Growing closer to nature and growing closer to God was on the agenda for each individual on the camping trip. These men and women were not going to let their smartphones distract them from truly appreciating what they had in front of them. Whether they were cooking bacon on a hot stone or paddle boarding at sunrise, these campers knew exactly how to get the most out of their time in nature. “I looked up at the sky and the people around me and I couldn’t help but feel happiness and I thank God for all he has given me,” said Martel.

Being that it is the month of October, the camping crew decided that it would be a good idea to ride in costumes. There was a Wonder Woman, Ironman, Subzero from Mortal Kombat, and a few other interesting characters braving the frigid, choppy water. “It’s really hard to see,” said Enrique Martinez. “You’re basically doing everything blind and it really limits what you can do, but its still a lot of fun to try and wakeboard in costumes.”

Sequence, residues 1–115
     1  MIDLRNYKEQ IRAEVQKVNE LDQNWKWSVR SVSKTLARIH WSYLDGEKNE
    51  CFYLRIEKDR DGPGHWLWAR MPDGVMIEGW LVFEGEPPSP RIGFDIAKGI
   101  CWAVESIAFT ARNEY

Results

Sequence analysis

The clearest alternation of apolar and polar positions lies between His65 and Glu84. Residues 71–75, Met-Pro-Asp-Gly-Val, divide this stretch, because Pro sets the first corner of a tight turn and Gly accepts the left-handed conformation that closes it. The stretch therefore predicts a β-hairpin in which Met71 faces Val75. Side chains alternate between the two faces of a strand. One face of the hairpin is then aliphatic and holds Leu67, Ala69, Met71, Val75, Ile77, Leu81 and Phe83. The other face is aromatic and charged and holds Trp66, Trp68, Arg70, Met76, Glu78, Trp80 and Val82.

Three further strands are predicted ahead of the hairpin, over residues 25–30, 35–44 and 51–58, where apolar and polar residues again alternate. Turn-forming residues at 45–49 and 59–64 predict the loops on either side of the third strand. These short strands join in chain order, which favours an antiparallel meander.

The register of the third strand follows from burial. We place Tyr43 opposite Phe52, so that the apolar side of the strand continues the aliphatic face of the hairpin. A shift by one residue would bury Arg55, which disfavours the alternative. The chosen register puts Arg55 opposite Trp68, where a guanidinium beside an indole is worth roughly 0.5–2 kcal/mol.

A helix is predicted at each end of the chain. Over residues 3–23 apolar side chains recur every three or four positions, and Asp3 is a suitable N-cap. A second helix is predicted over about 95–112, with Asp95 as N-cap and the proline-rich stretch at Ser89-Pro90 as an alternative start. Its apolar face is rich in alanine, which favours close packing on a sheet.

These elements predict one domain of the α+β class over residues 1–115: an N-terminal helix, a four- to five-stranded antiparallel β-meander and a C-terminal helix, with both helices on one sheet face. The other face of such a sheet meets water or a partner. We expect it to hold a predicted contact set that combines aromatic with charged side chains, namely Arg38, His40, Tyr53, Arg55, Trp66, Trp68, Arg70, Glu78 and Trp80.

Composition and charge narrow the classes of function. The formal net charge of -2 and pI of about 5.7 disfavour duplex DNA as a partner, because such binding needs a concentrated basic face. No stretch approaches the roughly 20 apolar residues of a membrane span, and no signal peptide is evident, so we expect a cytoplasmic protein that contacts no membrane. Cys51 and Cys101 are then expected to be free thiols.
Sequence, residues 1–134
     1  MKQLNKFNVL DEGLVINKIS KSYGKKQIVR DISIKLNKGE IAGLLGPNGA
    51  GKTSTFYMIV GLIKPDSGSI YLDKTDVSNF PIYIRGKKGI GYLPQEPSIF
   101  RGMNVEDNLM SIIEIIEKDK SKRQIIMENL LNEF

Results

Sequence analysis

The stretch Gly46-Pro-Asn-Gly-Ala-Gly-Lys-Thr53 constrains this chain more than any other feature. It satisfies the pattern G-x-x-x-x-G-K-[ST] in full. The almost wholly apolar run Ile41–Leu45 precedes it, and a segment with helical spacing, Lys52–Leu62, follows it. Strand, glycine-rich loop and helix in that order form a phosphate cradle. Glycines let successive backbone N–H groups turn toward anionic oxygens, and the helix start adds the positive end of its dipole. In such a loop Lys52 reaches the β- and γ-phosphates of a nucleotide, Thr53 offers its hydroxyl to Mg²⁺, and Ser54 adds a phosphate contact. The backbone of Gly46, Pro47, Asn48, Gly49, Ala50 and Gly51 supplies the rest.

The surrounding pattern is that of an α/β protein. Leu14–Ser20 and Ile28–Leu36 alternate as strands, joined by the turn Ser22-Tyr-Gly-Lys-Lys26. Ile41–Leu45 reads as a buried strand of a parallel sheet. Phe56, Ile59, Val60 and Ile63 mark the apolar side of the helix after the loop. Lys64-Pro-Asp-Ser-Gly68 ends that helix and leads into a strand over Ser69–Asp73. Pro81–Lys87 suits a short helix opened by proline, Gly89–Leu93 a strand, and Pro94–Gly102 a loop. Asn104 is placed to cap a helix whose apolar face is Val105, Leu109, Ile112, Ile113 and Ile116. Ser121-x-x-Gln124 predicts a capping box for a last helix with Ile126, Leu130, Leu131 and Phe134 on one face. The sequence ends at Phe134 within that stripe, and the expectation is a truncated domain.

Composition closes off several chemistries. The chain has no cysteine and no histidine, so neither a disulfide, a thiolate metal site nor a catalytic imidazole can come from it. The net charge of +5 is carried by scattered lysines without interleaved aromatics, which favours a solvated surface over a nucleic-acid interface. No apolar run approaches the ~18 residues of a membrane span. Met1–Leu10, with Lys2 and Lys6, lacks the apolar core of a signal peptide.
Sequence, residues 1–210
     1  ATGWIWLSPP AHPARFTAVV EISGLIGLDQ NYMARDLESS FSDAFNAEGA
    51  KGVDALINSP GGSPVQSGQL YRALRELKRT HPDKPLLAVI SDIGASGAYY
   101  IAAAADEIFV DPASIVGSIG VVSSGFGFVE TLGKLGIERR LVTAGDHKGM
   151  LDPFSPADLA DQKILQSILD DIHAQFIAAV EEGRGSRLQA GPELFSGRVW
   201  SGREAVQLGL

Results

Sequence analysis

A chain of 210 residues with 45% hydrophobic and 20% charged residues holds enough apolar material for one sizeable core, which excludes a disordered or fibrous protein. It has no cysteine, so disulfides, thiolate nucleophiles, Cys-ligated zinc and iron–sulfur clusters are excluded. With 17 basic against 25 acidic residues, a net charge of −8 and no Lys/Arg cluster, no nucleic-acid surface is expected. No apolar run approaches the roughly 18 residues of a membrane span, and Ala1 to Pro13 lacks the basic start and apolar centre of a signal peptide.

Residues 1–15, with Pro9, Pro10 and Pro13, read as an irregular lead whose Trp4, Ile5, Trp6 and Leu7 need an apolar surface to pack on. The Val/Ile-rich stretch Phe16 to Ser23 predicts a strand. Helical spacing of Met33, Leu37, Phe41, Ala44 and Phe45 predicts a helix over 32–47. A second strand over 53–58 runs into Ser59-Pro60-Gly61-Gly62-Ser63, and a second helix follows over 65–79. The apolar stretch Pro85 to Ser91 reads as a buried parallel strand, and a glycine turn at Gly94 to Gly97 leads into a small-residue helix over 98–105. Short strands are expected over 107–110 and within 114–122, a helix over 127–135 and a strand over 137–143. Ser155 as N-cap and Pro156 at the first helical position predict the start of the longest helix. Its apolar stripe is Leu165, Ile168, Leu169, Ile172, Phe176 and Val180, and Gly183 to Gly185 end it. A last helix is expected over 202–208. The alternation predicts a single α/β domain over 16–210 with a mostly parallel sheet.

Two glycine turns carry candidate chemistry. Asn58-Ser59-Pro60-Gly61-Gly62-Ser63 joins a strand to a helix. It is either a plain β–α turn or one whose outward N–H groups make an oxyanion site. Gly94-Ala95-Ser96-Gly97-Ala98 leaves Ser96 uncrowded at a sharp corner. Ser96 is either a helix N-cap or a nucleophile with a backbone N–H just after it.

costume picture2

You get out of a camping trip what you put into it, and disconnecting from the outside world is the quickest solution to getting more out of your time in nature. A video recap of the camping trip can be found here:

Be sure you stay tuned for a Halloween edit featuring the Mississippi State Wakeboarding Team!

A Wakeboarder’s Survival Guide: The Fall Freeze

waveboard santa

Let’s get one thing perfectly clear: Winter is coming.